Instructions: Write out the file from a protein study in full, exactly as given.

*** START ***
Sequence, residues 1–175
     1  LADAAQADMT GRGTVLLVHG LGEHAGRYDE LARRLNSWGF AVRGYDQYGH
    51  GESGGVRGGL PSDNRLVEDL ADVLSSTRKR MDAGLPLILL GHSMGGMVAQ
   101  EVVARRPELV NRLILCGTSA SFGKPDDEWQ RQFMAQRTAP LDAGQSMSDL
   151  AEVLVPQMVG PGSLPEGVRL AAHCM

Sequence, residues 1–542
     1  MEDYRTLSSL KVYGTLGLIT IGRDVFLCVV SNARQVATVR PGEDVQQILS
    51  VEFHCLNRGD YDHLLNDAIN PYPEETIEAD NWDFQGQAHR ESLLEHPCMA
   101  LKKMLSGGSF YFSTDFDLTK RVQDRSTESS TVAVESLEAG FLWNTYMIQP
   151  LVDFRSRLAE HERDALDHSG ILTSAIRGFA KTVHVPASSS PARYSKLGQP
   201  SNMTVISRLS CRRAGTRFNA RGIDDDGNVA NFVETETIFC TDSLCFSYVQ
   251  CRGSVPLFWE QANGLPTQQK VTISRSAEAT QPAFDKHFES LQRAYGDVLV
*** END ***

Sequence, residues 1–175
     1  LADAAQADMT GRGTVLLVHG LGEHAGRYDE LARRLNSWGF AVRGYDQYGH
    51  GESGGVRGGL PSDNRLVEDL ADVLSSTRKR MDAGLPLILL GHSMGGMVAQ
   101  EVVARRPELV NRLILCGTSA SFGKPDDEWQ RQFMAQRTAP LDAGQSMSDL
   151  AEVLVPQMVG PGSLPEGVRL AAHCM

Sequence, residues 1–542
     1  MEDYRTLSSL KVYGTLGLIT IGRDVFLCVV SNARQVATVR PGEDVQQILS
    51  VEFHCLNRGD YDHLLNDAIN PYPEETIEAD NWDFQGQAHR ESLLEHPCMA
   101  LKKMLSGGSF YFSTDFDLTK RVQDRSTESS TVAVESLEAG FLWNTYMIQP
   151  LVDFRSRLAE HERDALDHSG ILTSAIRGFA KTVHVPASSS PARYSKLGQP
   201  SNMTVISRLS CRRAGTRFNA RGIDDDGNVA NFVETETIFC TDSLCFSYVQ
   251  CRGSVPLFWE QANGLPTQQK VTISRSAEAT QPAFDKHFES LQRAYGDVLV